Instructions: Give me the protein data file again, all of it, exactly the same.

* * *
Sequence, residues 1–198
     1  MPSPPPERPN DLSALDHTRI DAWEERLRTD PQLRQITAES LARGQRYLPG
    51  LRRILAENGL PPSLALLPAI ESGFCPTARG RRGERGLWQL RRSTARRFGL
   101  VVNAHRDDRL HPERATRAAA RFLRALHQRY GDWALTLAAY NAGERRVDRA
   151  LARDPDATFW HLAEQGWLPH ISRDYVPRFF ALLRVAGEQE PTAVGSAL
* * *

Sequence, residues 1–198
     1  MPSPPPERPN DLSALDHTRI DAWEERLRTD PQLRQITAES LARGQRYLPG
    51  LRRILAENGL PPSLALLPAI ESGFCPTARG RRGERGLWQL RRSTARRFGL
   101  VVNAHRDDRL HPERATRAAA RFLRALHQRY GDWALTLAAY NAGERRVDRA
   151  LARDPDATFW HLAEQGWLPH ISRDYVPRFF ALLRVAGEQE PTAVGSAL